I do appreciate seeing Netflix in on the discussion, since they are probably the single biggest instance of DRM licensed content. They are kind of stuck in the middle, of wanting to offer content/services to users, and having to appease the content gods requiring DRM schemes. There's enough trouble in even getting content licenses, without DRM would make it far too difficult at this time.
My biggest concern here is that they avoid the OS level plugin systems of old. I thought that NaCl was a good idea when released, and if integrated seamlessly could be very good... worst you would have to do is "close the tab" to get out of a rogue site... instead of it infecting your system with malware. Further, there has been a lot of effort in terms of improving security with JS integration, and using the same API interfaces for video/audio pre-processing combined with something like NaCl could be good, without the need for full-os level integration.
I do *not* want to see another Silverlight/Moonlight instance where MS licenses the codecs for non-windows (and mac), but without any DRM, effectively making it useless for people on linux, or generic STBs (set-top-boxes, Raspberry Pi, etc) wanting to access content sites like Netflix.
The irony, is depending on your site, even having ads on some areas can lose you sales/content. I've been pushing for removing/reducing ads in certain click-through pages, such as on search results, because in the end, my theory is that we'll get more page views on those pages that are more important to the user... the final pages after searching. It's worth noting that this is for a popular classifieds site, and the ads do account for about 1/3 to 1/2 of the revenue most months, so removing them all around isn't an option, but making them less invasive, and better performing is a good idea. In a single-page app/site, we've actually gone to serving/tracking our own ads in terms of a branded experience where ads are paid for by the minute up to 5 min/user... which is working pretty interestingly. There are lots of options beyond being too intrusive with ads and still having them.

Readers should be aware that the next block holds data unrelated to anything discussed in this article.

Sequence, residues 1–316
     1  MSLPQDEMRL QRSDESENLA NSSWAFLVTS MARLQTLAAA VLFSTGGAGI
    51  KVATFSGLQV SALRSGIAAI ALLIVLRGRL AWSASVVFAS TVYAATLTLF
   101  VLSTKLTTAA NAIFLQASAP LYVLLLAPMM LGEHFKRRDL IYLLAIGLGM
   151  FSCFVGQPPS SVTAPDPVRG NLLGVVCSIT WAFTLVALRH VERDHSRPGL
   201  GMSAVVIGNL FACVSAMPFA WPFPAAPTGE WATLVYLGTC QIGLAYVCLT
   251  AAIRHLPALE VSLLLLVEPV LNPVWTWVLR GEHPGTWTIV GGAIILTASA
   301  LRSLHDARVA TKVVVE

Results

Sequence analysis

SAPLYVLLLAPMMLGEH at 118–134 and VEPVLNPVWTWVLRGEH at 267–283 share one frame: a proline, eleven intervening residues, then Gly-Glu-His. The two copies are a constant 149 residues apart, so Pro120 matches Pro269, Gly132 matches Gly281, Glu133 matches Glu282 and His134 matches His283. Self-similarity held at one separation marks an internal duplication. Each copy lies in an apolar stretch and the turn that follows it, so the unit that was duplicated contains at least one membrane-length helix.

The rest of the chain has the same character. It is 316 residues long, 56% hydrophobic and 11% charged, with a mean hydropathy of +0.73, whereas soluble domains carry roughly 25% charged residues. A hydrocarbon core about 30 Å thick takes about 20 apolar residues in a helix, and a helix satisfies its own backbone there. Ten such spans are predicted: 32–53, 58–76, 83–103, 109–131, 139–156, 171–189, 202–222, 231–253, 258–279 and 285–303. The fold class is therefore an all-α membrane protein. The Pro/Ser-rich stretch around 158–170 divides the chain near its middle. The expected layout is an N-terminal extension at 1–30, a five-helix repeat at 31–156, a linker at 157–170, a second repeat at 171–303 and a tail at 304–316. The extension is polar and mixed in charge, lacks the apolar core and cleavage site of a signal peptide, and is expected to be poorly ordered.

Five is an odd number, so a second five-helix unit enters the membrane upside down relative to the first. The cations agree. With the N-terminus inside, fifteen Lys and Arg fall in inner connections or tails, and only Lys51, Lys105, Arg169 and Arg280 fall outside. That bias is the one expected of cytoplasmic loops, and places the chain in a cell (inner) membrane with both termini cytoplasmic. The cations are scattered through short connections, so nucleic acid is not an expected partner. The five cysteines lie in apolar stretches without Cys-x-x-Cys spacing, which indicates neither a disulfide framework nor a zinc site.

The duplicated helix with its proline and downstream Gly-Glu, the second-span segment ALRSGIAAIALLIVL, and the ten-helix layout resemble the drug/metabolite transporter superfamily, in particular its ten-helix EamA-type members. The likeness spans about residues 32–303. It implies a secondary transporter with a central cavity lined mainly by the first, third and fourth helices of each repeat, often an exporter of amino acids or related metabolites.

Honestly, I was purchasing a few CDs a week when the original Napster was popular.. it was a great way to get new music, and sample an album before buying... maybe I was downloading more than I was buying.. now, I just don't do much if any of it.. I'll maybe buy 2CDs a year on average now.
Same thing with DRM and video games... used to be at least a game a month, now it's been a few years, aside from the humble bundles.
They could very easily send the comment-id, parent-comment-id, the public display name... another export with display-name, salt, sha-256(salt+email-address), and the comment text...
This would allow a user to create a new account on the new site, and could then hash the desired username and email address.. if the name & email (hashed) matches the existing entry, you can attach that user... no privacy lost.
This would also allow you to preserve the comments, with display name.. and allow users to re-claim their comments/accounts... That's a solution off the top of my head that should be easy enough to implement.
I had a GF forced to pay that much for a couple books and some specialized software for one of her courses (that would only really be used for that one semester). (That's total for that course's requirements, not each piece, but still).
An event in nature should not be patentable... A specific method of influencing said events could be. In this instance the gene itself, or it's effects in various states should not be patentable... that is simply observation. A specific, proven technique for changing said gene in a living being should probably be.